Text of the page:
fennel, white peach and rose vinegar
4: fennel, white peach and rose vinegar
Brooks, Amycas, Willamette Valley, OR 2016
Our next wine was an Alsace-inspired creation featuring Pinot Blanc, Riesling, Pinot Gris, Gewürztraminer, and Muscat grapes, and was meant to be the hero, with the accompanying two dishes built around it. Its nose was intensely aromatic, showcasing sweet, honeyed fruit and flowers, while the palate was light and bright, with more perfume-y, floral, fruity character joined by a touch of grassiness and a refreshing acidity. The fennel, meanwhile, ate crunchy and bitter, with a sweetness from the rose-peach combination leading to a finish filled with anise. It really seemed to bring out the herbaceous qualities in the wine.

dragon fruit, scented with roses from early spring
5: dragon fruit, scented with roses from early spring
Brooks, Amycas, Willamette Valley, OR 2016
A cube of dragon fruit with rose from last year was fun, floral, and fragrant, and seemed to emphasize the fruitiness inherent in the Amycas.

king crab, popcorn, orchid, earl grey tea
6: king crab, popcorn, orchid, earl grey tea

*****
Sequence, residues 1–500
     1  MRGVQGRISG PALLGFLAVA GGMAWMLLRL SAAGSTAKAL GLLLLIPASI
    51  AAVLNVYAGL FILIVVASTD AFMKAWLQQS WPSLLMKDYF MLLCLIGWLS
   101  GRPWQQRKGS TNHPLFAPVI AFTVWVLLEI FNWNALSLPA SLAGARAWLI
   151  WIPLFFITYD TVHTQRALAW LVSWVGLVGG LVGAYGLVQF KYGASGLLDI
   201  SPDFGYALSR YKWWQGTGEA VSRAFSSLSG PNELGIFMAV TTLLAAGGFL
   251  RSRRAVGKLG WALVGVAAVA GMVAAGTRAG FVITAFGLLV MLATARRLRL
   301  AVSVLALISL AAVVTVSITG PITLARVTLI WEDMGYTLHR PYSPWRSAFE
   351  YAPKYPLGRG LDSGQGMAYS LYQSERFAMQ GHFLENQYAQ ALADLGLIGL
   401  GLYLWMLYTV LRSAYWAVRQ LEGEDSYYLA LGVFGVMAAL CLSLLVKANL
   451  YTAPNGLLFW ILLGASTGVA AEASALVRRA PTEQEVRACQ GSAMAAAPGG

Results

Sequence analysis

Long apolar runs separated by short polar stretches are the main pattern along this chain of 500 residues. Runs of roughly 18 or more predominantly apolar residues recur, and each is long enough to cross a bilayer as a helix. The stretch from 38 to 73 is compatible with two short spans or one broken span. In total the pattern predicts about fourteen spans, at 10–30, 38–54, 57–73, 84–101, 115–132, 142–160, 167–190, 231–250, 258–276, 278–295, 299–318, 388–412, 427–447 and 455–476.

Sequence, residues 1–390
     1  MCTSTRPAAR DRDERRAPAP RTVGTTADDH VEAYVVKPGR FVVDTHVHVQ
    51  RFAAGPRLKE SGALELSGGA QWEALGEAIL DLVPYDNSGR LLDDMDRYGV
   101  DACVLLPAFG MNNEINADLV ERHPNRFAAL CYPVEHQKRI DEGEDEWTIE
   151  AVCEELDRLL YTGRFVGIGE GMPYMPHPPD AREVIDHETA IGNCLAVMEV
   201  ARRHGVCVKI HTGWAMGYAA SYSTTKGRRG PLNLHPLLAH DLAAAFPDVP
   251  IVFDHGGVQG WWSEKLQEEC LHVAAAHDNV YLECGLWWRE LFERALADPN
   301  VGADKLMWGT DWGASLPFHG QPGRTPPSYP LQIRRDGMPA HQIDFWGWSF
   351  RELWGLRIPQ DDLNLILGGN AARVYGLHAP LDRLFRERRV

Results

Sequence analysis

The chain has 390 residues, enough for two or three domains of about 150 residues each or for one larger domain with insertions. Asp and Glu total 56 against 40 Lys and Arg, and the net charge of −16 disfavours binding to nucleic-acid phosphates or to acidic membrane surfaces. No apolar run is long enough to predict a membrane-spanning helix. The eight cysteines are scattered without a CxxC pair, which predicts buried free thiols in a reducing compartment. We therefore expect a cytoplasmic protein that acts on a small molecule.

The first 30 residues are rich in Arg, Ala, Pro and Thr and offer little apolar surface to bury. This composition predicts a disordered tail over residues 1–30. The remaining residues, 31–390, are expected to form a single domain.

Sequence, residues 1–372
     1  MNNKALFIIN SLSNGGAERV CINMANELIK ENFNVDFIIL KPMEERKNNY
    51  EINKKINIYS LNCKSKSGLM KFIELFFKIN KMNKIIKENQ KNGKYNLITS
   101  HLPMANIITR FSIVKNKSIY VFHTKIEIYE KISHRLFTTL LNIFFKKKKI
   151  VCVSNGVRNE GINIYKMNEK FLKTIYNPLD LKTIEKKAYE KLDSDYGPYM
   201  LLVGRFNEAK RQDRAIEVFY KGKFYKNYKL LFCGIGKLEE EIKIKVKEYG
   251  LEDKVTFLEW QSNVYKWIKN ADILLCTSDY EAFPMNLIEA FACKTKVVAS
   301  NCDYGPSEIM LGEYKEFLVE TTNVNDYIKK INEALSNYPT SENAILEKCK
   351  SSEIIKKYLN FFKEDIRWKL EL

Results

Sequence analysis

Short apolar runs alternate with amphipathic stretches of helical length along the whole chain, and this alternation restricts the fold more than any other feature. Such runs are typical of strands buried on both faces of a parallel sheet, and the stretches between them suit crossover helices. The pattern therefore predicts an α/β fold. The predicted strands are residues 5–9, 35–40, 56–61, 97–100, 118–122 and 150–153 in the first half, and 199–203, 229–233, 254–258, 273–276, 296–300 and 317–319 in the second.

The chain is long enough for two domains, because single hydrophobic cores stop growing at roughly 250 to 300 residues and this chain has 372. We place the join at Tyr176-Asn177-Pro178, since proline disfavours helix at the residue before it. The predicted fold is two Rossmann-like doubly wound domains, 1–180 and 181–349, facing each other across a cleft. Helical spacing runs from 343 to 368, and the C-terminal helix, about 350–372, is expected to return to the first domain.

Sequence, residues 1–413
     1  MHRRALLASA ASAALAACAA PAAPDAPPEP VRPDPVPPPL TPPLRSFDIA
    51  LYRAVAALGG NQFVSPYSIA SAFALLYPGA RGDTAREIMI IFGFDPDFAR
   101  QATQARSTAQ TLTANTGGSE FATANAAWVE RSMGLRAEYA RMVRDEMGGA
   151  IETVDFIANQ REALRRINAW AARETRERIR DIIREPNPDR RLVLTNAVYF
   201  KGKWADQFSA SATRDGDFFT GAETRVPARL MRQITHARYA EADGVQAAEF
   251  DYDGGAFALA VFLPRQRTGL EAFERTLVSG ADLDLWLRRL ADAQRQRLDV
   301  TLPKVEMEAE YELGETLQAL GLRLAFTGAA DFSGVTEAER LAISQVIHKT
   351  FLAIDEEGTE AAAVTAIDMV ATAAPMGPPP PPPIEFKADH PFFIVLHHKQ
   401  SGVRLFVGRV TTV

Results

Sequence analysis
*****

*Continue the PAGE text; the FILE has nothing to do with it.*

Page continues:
Chateau Beru, Montmains 1er Cru, Chablis 2014
The Chef's childhood springs always ended with roses (his grandfather had a rose garden that bloomed during that time frame), while his summers commenced with popcorn (watching movies while school was out), hence this course, meant to bridge the seasons. I got loads of buttery popcorn at first blush, which was then joined by sweet, floral nuances and light herbaceousness. For me, the crab came through more on the back end, complemented but not overwhelmed by its accompaniments. The paired Chablis, meanwhile, was delightful, with a buttery, rich, saline, yet fresh nose that mimicked some of the elements in the dish. Its palate went in a grassy, fruity direction, with some further mineral-y elements that were teased out.

'burnt lettuce that thinks it's a peanut'
7: "burnt lettuce that thinks it's a peanut"